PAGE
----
Tanzania celebrates its independence anniversary every 9th of December. The East African country was a former British colony, which was known as Tanganyika. It gained independence on the 9th of December in 1961, and officially became Tanzania after merging with Zanzibar three years later, in 1964 and adopted a system of multi-party democracy in 1992.
At the dawn of their independence in 1961, climbers carried a torch to place at the summit of Tanganyika’s Mount Kilimanjaro–the highest point in Africa and renamed its peak to Uhuru, meaning “Freedom” in Swahili. This monumental proclamation of freedom soon extended offshore to the archipelagic country of Zanzibar, and the nations united to establish the United Republic of Tanzania in 1964.
To celebrate 60 years of independence, more than 300 Tanzanians reenacted the pilgrimage to Mount Kilimanjaro, which is considered by many to be a symbol of liberation.
To celebrate the 60th Independence Anniversary of Tanzania, here are some interesting facts about the East African Country
1. Home to the Tallest Mountain In Africa, Mount Kilimanjaro
Standing some 5,895 meters above sea level, this mountain is the tallest in Africa, and the highest freestanding mountain in the world. It’s also home to almost every kind of ecological system there is, from cultivated land, to rainforest, alpine desert, and arctic summit.
2. Tanzania is the largest country in East Africa
This East African country includes the islands; Zanzibar, Mafia and Pemba. It borders Kenya and Uganda to the north and Mozambique, Zambia and Malawi to the south. It also shares borders with Burundi, the Democratic Republic of Congo and Rwanda.
The capital city of Tanzania, Dodoma and it is located right in the heart of the country. The population in Tanzania is just over 56 million people and the average life expectancy is 64 years old.
3. The world’s largest mammal migration takes place in Tanzania
Every July and August in Tanzania, you can catch a glimpse of the great wildebeest migration; When millions of wildebeest, zebras and antelopes cross the plains of Serengeti to search for fresh grass. The Serengeti National Park is the oldest park in Tanzania.
4. The Beaches In Tanzania are considered some the most Beautiful in the world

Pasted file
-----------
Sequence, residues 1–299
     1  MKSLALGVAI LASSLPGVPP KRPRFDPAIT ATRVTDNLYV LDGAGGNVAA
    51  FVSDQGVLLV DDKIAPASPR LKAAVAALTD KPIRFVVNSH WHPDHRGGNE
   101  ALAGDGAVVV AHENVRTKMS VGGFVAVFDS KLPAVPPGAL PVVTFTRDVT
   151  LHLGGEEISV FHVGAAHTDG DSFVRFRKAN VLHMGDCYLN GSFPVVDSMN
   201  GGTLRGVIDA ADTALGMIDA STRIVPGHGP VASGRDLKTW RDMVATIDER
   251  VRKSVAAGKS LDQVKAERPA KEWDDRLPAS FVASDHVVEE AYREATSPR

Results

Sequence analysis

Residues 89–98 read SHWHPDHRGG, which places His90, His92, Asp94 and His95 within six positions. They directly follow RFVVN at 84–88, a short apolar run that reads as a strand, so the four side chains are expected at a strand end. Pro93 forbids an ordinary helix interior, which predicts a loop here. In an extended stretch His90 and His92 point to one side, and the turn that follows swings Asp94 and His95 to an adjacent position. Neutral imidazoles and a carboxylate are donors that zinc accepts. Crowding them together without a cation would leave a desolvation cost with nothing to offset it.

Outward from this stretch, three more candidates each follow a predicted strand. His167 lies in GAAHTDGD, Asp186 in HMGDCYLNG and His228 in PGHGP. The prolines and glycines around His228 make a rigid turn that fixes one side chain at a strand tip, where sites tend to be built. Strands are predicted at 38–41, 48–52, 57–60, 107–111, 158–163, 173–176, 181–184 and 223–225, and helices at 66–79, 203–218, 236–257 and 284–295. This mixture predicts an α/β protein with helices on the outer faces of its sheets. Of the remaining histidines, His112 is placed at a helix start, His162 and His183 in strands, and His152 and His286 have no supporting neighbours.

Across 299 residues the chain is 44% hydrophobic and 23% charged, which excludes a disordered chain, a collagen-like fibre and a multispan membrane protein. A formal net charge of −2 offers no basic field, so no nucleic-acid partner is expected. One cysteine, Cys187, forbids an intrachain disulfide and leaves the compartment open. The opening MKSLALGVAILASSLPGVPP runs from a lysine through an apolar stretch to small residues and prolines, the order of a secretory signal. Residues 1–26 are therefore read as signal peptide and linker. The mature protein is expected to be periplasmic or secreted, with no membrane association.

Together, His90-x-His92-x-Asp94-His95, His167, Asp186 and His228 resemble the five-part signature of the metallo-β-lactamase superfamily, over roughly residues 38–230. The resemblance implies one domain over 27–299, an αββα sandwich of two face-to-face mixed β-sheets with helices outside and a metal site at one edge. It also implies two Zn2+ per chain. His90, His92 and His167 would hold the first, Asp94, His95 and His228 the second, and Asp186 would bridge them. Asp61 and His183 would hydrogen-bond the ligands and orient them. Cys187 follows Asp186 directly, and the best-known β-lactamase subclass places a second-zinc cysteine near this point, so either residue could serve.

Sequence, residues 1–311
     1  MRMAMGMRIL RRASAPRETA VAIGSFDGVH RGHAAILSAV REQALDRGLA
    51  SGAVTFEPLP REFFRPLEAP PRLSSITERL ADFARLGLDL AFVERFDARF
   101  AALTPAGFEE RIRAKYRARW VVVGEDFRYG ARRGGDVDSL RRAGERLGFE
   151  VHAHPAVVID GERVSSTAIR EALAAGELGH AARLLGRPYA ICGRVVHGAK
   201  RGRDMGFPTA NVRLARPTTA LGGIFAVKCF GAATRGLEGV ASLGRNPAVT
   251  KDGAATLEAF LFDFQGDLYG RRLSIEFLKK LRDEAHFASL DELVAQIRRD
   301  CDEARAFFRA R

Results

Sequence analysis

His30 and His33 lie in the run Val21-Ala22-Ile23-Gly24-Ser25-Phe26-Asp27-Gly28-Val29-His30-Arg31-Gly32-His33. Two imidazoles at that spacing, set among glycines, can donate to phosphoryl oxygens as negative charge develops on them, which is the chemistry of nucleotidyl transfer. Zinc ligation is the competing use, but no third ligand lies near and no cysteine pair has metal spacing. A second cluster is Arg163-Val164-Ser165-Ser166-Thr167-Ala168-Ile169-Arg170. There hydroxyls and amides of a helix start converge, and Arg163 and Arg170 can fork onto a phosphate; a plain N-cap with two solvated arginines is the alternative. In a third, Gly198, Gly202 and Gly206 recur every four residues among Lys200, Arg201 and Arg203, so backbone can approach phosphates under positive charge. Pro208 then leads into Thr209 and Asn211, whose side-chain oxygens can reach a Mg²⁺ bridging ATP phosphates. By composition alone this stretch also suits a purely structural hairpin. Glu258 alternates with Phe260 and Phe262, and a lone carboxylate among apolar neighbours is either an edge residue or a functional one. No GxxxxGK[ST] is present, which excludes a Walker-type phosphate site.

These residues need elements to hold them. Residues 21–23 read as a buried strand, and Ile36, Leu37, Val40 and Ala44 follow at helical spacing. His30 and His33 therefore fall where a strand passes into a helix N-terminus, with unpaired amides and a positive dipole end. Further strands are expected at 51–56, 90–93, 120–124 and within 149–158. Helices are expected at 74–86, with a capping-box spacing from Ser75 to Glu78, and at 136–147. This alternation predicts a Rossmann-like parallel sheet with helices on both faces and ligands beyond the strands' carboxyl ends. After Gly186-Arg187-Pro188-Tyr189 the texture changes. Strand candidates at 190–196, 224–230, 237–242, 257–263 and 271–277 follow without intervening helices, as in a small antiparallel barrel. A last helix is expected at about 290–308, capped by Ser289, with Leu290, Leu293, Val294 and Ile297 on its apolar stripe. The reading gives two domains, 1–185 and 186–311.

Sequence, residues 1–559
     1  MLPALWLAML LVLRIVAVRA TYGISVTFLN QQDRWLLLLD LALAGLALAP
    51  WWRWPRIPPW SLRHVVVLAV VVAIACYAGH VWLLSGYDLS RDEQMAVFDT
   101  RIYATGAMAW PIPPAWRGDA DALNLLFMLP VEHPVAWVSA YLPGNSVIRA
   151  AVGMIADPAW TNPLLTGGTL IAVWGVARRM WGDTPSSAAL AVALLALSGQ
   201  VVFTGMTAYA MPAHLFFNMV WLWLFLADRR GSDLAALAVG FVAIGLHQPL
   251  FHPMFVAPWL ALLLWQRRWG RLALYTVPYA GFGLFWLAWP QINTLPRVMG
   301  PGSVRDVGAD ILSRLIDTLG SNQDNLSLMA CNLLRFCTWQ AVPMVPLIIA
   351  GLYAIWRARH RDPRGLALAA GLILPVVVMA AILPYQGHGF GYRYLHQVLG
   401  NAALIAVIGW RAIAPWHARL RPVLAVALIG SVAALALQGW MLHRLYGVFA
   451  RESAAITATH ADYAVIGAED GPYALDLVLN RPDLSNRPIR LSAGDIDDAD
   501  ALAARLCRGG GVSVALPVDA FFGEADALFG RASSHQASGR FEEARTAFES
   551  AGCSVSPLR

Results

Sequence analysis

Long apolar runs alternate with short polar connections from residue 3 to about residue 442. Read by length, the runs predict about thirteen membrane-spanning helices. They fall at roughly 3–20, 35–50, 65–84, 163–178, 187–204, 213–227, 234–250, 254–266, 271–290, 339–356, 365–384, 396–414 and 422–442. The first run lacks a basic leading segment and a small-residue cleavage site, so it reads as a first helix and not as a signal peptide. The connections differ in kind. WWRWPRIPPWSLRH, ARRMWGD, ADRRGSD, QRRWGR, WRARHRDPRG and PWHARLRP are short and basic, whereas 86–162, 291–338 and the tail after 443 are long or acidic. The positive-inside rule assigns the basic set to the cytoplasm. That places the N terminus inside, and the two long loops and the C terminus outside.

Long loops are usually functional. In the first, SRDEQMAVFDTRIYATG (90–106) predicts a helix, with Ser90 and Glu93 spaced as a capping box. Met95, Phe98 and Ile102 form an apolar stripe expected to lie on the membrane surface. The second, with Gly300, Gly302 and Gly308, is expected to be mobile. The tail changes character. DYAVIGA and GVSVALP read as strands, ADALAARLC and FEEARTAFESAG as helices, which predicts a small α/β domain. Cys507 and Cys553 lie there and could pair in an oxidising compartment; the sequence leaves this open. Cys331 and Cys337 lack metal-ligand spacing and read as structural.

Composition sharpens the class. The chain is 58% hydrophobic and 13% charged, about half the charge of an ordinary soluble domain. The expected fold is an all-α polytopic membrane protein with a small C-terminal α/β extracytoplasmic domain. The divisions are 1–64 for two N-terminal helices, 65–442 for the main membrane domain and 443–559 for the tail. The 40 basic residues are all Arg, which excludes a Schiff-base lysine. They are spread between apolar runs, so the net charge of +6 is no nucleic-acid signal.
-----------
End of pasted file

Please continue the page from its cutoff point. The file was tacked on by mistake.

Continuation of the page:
If you visit Africa in search of beaches, the Zanzibar beaches are a must-see They are located just off the coast from the city of Dar es Salaam. Renowned for the white sand, blue water, and swaying palms, they are regarded as some of the most beautiful beaches in the world.
5. Home to Lake Tanganyika, the longest freshwater lake in the world
Lake Tanganyika is the second-largest lake in Africa, the second deepest and second oldest in the world. The lake is shared with 4 countries, Tanzania, the Democratic Republic of the Congo, Burundi and Zambia. It is home to almost 350 different species of fish, most being endemic.
6. Germany Used to Rule Tanzania
Tanzania was invaded and conquered by Germany in the late 19th century. It made up part of German East Africa. But Zanzibar wasn’t part of the equation, since it was already overseen by an Arab dynasty of rulers from Oman (and from 1890, a British Protectorate).
7. The name Tanzania Is A Combination Of The Two Separate States.
The “Tan” comes from Tanganyika (which means something like “sail in the wilderness” in Swahili), the “Zan” from Zanzibar (from Arabic meaning “black coast”).
8. The Shortest War In History
The Anglo-Zanzibar War in 1896 lasted less than an hour. It was between 38 and 45 minutes.
9.Tanzania Has The Same National Anthem As South Africa And Zimbabwe.
The anthem, “Nkosi Sikelel’ iAfrika” (“God Bless Africa”), was a Xhosa anthem; a pan-African liberation song composed by Enoch Sontonga. The Swahili version for Tanzania is called “Mungu Ibariki Afrika.” South Africa adopted it as recently as 1997.
10. Costliest Timber
The Mpingo tree, found in Tanzania produces the costliest timber in the world. It has exceptional mechanical properties that make it perfect for carving and it has a beautiful finish.